1 to 3 red bird's-eye chiles, thinly sliced, seeds intact
Combine the fish sauce, water, vinegar, lime juice, sugar, garlic, and chiles in a jar. This vinaigrette will keep for up to a week in the refrigerator.
1/2 cup butter, softened
1/2 cup light brown sugar
3 tablespoons sugar
1 large egg
1/3 cup all purpose flour
1/3 cup oats
1/8 teaspoon baking powder
1/8 teaspoon baking soda
1/4 teaspoon salt
Bake on a quarter sheet pan at 350F for 15 min. Cool to touch. Crumble and blend together with items below in food processor.
2-1/4 cups oat cookie crust
1/4 cup butter, softened
1 tablespoon light brown sugar
1/8 teaspoon salt
Divide evenly amongst 2 x 10" pie platters. Prepare filling.
3/4 cup sugar
3/4 cup light brown sugar
1/4 tsp salt
2 tablespoons milk powder
1 cup butter, melted
3/4 cup heavy cream
1/8 teaspoon vanilla extract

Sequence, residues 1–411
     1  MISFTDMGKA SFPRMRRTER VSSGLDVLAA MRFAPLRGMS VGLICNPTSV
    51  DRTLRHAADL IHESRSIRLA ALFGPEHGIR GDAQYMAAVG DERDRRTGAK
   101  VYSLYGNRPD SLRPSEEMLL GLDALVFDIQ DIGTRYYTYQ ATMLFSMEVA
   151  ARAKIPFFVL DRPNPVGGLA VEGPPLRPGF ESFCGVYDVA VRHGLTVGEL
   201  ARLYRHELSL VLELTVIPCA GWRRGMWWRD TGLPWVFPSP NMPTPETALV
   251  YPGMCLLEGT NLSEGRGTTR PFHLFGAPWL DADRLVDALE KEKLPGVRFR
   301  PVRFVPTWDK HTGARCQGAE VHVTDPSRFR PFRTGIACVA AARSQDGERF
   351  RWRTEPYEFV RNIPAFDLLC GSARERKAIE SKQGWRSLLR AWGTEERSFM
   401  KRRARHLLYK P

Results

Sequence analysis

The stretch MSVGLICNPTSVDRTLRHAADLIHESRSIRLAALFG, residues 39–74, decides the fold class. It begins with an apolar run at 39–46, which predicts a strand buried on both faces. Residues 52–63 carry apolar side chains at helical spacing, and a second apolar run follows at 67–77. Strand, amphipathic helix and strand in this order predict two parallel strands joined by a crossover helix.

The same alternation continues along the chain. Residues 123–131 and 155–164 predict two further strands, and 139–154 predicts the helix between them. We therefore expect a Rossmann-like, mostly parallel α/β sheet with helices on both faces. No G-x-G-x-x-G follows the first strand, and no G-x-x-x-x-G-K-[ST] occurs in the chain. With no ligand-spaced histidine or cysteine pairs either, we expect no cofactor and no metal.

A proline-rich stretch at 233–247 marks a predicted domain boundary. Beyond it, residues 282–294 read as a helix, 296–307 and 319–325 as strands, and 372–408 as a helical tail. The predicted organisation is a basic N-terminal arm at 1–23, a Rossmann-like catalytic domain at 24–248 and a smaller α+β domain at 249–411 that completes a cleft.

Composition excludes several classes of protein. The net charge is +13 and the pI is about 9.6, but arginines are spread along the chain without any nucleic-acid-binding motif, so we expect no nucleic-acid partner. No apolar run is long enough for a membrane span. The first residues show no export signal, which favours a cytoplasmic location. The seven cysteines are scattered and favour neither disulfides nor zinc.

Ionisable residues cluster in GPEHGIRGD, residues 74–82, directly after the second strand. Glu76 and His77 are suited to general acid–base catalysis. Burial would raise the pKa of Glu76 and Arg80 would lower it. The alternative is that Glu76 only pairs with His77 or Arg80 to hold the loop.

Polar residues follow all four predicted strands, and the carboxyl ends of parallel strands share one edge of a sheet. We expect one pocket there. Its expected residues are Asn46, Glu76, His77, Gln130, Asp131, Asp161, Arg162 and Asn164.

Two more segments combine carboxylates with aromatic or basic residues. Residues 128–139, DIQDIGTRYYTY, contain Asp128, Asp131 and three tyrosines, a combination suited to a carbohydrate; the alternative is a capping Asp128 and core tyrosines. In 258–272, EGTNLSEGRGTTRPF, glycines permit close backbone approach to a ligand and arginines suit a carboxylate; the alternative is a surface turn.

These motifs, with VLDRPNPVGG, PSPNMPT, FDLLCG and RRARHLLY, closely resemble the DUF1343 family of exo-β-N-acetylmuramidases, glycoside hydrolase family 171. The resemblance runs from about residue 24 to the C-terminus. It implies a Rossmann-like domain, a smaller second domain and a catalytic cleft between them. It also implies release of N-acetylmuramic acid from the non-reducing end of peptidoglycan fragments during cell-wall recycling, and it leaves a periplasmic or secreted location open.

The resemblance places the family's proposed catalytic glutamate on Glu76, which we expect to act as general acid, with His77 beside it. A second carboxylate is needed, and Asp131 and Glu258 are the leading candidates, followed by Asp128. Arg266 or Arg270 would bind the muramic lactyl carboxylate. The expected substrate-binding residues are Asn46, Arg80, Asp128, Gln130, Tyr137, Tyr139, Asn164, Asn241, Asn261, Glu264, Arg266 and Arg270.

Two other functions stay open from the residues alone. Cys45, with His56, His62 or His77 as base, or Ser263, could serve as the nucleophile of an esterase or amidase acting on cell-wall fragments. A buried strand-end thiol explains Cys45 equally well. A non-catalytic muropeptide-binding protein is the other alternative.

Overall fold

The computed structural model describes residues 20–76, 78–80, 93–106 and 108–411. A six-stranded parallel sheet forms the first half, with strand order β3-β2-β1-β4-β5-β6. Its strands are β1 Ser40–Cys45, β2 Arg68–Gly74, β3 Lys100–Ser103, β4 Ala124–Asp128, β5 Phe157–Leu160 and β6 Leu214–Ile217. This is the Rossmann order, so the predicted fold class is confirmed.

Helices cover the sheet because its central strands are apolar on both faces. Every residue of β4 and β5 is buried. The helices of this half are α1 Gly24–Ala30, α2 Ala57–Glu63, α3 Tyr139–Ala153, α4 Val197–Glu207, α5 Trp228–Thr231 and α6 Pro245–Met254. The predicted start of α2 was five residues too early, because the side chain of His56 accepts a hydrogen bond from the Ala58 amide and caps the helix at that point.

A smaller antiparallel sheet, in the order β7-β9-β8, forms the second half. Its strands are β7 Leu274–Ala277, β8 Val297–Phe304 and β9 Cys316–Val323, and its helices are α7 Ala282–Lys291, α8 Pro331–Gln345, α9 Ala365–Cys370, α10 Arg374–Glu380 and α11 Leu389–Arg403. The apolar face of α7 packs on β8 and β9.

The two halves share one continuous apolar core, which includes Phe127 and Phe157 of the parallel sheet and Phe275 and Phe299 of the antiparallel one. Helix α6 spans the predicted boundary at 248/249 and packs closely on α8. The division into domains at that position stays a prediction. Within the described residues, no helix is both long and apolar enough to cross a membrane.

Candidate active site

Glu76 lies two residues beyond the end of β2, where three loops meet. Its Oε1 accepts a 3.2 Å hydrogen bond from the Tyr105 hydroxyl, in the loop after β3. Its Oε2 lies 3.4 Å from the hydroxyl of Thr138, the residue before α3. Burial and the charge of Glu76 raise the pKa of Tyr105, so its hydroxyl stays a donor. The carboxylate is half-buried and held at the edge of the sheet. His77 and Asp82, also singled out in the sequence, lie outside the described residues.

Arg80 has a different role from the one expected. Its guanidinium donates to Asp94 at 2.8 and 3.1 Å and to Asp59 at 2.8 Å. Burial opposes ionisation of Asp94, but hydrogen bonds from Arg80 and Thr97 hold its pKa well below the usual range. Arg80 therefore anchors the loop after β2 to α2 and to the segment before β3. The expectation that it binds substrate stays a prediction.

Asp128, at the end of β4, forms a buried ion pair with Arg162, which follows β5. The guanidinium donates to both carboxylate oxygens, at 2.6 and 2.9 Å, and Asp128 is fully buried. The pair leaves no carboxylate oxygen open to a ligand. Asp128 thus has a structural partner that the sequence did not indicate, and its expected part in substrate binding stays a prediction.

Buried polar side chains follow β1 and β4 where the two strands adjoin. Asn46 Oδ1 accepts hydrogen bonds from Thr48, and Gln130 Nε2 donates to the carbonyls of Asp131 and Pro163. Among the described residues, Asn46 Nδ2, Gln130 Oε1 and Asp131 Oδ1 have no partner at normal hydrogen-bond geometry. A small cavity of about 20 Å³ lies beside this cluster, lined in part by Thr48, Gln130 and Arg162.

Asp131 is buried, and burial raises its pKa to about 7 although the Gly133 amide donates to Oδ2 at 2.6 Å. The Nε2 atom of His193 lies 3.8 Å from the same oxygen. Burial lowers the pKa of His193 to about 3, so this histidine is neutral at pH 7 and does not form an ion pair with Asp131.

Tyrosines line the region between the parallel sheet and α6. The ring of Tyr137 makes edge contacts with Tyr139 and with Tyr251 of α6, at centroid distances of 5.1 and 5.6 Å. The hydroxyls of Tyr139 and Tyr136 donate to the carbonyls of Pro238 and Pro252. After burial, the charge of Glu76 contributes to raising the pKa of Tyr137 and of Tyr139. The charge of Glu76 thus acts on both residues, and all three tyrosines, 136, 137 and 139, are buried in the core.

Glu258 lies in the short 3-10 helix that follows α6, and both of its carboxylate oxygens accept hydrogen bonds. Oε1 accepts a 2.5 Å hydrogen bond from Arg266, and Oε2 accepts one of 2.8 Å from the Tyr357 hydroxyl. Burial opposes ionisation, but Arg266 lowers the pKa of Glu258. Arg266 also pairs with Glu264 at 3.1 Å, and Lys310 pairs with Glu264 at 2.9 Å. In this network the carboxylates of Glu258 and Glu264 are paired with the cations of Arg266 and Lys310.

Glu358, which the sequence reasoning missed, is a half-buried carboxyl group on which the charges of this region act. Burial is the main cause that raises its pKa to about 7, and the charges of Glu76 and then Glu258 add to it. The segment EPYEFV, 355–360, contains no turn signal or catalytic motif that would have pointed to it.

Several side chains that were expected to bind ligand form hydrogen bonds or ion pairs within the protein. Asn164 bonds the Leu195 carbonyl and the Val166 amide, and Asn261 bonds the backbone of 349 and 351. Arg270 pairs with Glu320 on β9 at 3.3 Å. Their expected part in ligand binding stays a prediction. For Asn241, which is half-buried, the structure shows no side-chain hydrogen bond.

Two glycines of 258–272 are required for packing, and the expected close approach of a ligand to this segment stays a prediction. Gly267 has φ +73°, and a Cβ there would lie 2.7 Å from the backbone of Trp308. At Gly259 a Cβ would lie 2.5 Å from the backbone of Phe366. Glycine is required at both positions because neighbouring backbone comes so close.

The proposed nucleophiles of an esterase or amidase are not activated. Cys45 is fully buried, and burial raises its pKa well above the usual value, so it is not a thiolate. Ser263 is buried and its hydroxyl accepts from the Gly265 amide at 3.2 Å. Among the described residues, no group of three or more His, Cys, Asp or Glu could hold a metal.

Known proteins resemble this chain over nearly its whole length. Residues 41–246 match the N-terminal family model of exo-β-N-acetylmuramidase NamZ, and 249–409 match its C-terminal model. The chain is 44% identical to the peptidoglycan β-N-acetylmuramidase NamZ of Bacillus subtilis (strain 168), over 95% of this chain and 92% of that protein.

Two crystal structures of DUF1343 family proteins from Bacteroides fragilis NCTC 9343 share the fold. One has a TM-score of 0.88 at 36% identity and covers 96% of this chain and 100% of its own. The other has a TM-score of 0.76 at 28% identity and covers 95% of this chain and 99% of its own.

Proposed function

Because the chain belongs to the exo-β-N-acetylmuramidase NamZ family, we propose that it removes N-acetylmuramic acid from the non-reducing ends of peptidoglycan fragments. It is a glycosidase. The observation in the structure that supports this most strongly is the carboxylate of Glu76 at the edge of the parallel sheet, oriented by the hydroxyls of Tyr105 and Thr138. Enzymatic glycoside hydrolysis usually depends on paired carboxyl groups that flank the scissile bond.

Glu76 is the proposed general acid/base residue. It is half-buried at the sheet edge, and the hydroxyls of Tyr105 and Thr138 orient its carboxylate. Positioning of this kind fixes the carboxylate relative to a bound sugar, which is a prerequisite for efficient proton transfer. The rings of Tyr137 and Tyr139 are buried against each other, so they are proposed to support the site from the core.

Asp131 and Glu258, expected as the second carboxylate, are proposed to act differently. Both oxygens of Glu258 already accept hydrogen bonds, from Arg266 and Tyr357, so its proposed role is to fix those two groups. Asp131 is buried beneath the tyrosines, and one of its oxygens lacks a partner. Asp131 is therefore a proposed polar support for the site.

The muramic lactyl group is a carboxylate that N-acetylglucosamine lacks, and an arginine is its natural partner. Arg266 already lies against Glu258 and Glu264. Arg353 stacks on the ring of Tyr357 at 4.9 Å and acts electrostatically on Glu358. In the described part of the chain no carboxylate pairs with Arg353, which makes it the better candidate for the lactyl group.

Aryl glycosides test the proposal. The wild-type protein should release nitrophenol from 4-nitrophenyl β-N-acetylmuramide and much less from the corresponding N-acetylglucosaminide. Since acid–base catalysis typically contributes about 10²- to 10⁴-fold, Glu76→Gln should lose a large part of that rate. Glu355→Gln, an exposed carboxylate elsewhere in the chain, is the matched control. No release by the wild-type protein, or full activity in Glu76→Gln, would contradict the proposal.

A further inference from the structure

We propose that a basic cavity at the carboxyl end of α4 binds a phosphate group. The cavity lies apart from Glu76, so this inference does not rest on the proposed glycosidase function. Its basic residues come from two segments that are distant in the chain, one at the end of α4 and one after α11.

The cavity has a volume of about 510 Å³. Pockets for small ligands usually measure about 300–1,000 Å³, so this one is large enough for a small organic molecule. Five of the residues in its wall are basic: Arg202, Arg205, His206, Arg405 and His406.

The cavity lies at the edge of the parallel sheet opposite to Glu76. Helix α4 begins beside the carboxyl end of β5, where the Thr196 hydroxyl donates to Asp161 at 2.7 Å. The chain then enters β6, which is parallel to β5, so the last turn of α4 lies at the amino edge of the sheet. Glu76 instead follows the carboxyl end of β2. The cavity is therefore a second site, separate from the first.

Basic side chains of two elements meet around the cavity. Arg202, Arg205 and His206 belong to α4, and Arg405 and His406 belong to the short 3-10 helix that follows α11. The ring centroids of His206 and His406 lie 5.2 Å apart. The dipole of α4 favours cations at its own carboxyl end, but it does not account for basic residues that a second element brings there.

8 egg yolks (from large eggs)
Measure all dry ingredients in bowl. Whisk to incorporate all and break up any light brown sugar lumps.
Whisk in melted butter.
Whisk in heavy cream/vanilla mixture.
Whisk in yolks, being careful not to incorporate too much air.
Divide evenly over 2 pies.
Bake 325°F 15 min, turn down the heat to 315°F and bake for an additional 5 minutes.
Cool on rack and refrigerate. Serve COLD!
How Low Can You Go?" Results:
apple juice $1.49
soy sauce $1.68
pine nuts $1.99
Chicken & Brussels Sprouts
chicken legs $4.30
brussels sprouts $2.99
puffed rice $1.29
fish sauce $.99
cookie crust $.99
milk powder $.72
heavy cream $1.19
Grand total: $34.90
1. Robert Carter $32.24
2. Paul Liebrandt $32.35
3. George Mendes $32.49